By the President of the United States of America
Charter schools provide many children with a first-class education, and they have gained national recognition for their accountability standards, innovative programs, and success with young people. The high expectations they set and the opportunities for development they create help students attending charter schools realize their potential and achieve their dreams.
Charter schools are held to the same standards, including curriculum standards, as traditional schools, and are also accountable to students, parents, and community leaders for producing results and improving achievement. By defining expected goals and offering options for children trapped in low-performing schools, charter schools help improve the overall quality of education in America.
The success of charter schools is evident in the achievements of the children who attend those schools and in the positive response from the communities they serve. In little more than a decade, 2,700 charter schools have opened in 36 States and the District of Columbia, and nearly two-thirds of these schools have waiting lists. Forty States and the District of Columbia have enacted charter school laws, and this year four additional States began considering charter school laws. To help State and local districts provide parents with more quality education alternatives, I have proposed increased funding for charter schools so that more of our children can receive the gift of a good education.
The accomplishments of charter schools prove that we can improve our public education system by replacing low expectations with a culture of achievement that rewards success and does not tolerate failure. Over the last 2 years, my Administration has taken steps to realize this vision by supporting accountability for results, expanded parental choice, increased local flexibility, and a focus on what works. With the No Child Left Behind Act of 2001, we continue to build a stronger educational foundation for America's children. States are now responsible for improving student achievement in public schools by maintaining tough academic standards and setting annual progress goals. The law further requires regular testing to ensure all students are proficient in reading and math and to help identify learning problems.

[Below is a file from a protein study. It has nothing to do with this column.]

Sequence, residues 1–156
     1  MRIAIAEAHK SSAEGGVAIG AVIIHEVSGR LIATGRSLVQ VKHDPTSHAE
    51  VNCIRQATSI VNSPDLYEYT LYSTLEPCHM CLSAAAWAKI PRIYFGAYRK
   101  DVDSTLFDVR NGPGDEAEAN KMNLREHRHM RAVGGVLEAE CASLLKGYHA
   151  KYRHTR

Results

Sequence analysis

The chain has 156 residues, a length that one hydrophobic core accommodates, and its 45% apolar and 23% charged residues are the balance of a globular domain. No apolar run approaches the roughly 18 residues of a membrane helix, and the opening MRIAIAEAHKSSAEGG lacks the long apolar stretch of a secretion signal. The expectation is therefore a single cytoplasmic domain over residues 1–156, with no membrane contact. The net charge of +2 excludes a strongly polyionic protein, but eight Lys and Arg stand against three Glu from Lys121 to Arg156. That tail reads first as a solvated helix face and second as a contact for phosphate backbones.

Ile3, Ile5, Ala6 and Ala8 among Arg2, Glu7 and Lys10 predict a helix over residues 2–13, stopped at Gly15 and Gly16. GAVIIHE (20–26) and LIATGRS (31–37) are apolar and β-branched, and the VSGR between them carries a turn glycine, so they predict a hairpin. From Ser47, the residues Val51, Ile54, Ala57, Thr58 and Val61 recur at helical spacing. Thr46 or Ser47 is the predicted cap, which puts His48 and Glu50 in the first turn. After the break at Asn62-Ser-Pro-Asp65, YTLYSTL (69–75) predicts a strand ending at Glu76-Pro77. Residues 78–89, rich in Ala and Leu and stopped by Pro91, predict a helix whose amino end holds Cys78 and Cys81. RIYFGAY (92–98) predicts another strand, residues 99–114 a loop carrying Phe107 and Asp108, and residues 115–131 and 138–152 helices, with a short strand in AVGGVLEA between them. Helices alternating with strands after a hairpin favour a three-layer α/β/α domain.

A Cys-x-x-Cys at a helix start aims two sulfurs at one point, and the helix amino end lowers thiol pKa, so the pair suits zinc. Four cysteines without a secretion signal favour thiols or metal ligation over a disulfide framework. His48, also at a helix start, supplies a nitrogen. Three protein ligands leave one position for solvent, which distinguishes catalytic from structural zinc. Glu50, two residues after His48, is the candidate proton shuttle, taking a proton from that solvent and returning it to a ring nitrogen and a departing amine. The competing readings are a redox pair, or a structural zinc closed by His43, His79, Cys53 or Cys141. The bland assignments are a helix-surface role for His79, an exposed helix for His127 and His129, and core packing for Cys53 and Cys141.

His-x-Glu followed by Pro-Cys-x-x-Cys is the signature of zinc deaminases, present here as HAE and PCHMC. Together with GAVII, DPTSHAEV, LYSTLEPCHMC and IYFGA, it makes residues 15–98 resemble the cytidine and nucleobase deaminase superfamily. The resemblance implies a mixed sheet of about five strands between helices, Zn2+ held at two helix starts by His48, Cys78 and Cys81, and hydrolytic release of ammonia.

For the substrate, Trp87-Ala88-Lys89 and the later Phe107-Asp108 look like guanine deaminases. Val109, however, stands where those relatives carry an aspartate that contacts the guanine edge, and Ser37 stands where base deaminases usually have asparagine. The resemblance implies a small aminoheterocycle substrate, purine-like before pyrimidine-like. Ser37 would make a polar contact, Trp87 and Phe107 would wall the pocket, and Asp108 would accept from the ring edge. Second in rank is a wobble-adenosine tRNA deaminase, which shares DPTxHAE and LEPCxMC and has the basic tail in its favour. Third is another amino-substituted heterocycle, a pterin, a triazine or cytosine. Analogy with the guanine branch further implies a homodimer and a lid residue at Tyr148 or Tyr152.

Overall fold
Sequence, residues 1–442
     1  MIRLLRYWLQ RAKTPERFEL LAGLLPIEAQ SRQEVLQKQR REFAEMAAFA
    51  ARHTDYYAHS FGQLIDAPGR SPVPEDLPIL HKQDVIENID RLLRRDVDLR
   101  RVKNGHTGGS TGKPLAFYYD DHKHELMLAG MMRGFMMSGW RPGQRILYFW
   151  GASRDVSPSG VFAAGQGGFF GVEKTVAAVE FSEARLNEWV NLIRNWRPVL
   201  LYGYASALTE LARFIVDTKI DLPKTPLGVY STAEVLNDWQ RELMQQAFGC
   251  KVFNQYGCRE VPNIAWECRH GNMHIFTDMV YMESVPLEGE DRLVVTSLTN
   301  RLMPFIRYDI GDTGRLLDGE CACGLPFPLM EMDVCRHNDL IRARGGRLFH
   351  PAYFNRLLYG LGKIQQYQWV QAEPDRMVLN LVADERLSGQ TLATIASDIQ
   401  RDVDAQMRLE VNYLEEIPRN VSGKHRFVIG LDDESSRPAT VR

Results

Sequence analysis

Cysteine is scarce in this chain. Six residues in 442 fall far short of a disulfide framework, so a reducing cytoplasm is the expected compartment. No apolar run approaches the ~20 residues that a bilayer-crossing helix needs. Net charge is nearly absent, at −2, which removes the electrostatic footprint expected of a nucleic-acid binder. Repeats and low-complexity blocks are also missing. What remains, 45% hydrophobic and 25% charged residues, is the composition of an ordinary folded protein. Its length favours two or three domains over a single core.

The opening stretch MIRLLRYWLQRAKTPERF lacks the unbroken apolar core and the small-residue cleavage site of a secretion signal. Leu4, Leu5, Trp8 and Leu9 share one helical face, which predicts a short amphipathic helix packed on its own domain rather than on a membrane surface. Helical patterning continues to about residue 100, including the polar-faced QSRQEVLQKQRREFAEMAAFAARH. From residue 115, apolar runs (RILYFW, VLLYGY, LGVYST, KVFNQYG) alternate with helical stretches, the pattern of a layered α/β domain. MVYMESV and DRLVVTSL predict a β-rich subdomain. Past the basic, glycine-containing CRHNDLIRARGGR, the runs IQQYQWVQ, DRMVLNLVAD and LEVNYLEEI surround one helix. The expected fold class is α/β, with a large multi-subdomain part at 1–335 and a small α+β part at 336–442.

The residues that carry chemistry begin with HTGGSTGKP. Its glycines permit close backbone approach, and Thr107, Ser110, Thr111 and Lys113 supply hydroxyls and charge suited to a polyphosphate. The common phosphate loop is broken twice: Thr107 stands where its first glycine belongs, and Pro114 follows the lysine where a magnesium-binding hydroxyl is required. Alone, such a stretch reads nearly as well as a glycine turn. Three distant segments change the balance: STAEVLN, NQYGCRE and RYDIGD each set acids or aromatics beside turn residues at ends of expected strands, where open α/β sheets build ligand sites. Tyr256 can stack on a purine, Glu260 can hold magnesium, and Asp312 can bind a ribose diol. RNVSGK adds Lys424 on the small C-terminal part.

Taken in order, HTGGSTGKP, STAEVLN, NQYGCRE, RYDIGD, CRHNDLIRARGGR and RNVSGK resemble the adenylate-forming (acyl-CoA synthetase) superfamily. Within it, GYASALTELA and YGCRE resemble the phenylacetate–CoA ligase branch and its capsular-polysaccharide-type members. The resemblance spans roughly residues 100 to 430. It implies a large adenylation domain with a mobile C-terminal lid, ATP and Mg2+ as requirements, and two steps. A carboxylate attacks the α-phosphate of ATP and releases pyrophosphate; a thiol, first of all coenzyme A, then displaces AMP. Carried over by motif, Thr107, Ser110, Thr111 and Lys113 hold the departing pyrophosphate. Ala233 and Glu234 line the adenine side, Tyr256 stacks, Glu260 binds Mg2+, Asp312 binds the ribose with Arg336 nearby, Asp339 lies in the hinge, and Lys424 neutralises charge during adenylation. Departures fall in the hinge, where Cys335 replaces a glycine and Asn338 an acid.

My Administration is working to provide the resources schools need to fund education reform and achieve these high standards. We have increased funding for elementary and secondary education by 36 percent in the last 2 years, and the Federal Government will spend nearly $24 billion on these programs this year. Through the new Reading First program, over $500 million has been distributed to 29 States to assist with reading programs that help ensure that our children will know how to read by the third grade. Expansions of our charter schools, and reforms in traditional public schools, are helping build the mind and character of our future leaders.
During National Charter Schools Week, we renew our commitment to our children and their education. I urge every American to visit a charter school and learn about its efforts to help children in their community. Charter schools are just one of many successful alternatives that ensure that no child is left behind. By raising expectations and fostering hope, we can help build a future of promise for our next generation of Americans.
Now, Therefore, I, George W. Bush, President of the United States of America, by virtue of the authority vested in me by the Constitution and laws of the United States, do hereby proclaim April 27 through May 3, 2003, as National Charter Schools Week. I commend the States with charter schools, and I call on parents of charter school children to share their success stories with others so that all Americans may understand more about the important work of charter schools.
In Witness Whereof, I have hereunto set my hand this twenty-fifth day of April, in the year of our Lord two thousand three, and of the Independence of the United States of America the two hundred and twenty-seventh.
George W. Bush